Charlie Munger on not trying to be a prodigy, just trying to avoid the inanities, including the inanities of the prodigies

Charlie Munger has said in different occasions that everyone — from Roger Federer to a plumber in Bemidji (sidenote: Bemidji is a small city in Minnesota with a population of 15k people.) — can benefit from avoiding “standard stupidies.”

In a 2019 interview with the Wall Street Journal (a), he explained that as follows:

Question: But why isn’t Berkshire easier to emulate?

Munger: We’re talking about very simple ideas of just figuring out the standard stupidities and avoiding them. And I actually collect them!

Some people collect stamps. I collect insanities and absurdities. And then I avoid them, and it’s amazing how well it works, because I’ve gone by [the examples of] all these people that are more talented than I am.

If I had set out to invent more quantum mechanics, I would’ve been an also-ran. I just set out to avoid the standard stupidities, and I’ve done a lot better than many people who mastered quantum mechanics.

And it’s a way for mediocre people to get ahead and it’s, it’s not much of a secret either. Just avoid all the standard stupidities. There are so many of them, and so many brilliant people do it.

Being a prodigy is hard. I’m not trying to be a prodigy, I’m just trying to avoid the inanities, including the inanities of the prodigies!

That enables a man of moderate abilities and moderate work habits to get so much more than his logical deserts. Think of the talent it takes to make a lot of money.

Yet on the same topic, here’s an exchange between Charlie Munger and Edmund Kitch (a) that took place in 1996 and is quoted in The Buffett Essays Symposium: A 20th Anniversary Annotated Transcript by Lawrence Cunningham:

Edmund Kitch: As a member of the teaching profession, I would like to say a kind word for the trivial. My experience in the classroom has been that students often report that some of the most important things they learn are what seems to me are trivial, but are quite news to them. I remember that when I learned in class that a stock split was not really an important or beneficial event for shareholders, it was quite a revelation to me. I think it’s an utterly trivial proposition. But if you haven’t heard of it, it’s actually very useful to have someone tell you.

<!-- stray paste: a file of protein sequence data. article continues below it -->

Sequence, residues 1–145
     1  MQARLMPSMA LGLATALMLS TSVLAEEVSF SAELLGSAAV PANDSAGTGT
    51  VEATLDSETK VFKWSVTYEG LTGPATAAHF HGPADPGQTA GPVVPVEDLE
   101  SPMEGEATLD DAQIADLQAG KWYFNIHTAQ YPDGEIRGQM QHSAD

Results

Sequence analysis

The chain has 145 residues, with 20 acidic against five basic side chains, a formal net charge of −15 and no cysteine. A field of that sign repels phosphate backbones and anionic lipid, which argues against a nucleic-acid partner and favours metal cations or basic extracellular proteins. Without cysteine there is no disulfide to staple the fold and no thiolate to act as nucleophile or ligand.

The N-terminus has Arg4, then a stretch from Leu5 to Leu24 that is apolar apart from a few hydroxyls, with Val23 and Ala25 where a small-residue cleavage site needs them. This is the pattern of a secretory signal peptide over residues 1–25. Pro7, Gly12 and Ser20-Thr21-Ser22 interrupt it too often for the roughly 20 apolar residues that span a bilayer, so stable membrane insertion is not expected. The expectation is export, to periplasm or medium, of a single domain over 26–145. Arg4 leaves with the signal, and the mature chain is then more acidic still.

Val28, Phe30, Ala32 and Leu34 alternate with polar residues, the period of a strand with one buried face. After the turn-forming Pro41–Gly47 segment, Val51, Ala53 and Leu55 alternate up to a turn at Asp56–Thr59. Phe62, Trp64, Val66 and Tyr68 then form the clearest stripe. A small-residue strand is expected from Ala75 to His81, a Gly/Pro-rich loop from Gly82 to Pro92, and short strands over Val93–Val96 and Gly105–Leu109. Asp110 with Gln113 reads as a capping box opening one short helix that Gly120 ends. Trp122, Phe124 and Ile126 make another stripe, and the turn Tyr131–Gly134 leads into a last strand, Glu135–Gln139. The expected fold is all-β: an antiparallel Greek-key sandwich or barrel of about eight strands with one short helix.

Munger: I would accept that, and I would argue that what Berkshire has done has mostly been using trivial knowledge. And it’s the fact that we concentrate so much on trivial knowledge that enables us to —

Kitch: Then would you advise our students that if they focus on the trivial points we’re making, that in the end they may end up with several million dollars?

Munger: Yes. I think the answer is that if you absorb the important basic knowledge — which at least for the best students is very easy to assimilate — and you absorb all the big basic points across a broad range of disciplines, one day you’ll walk down the street and you’ll find that you’re one of the very most competent members of your generation, and that many people who were quicker mentally and worked harder are in your dust. So, yes, by all means teach the big important points. And the fact that they’re nearly obvious, if they’re important enough, you probably should even repeat them.

In fact, Munger was already giving the same sort of advice way back then. Munger wrote in his 1989 letter to Wesco Financial’s shareholders that:

Wesco continues to try more to profit from always remembering the obvious than from grasping the esoteric. It is remarkable how much long-term advantage people like us have gotten by trying to be consistently not stupid, instead of trying to be very intelligent. There must be some wisdom in the folk saying, “It’s the strong swimmers who drown.”


Category  Life Wisdom
Tags  Charlie Munger · Career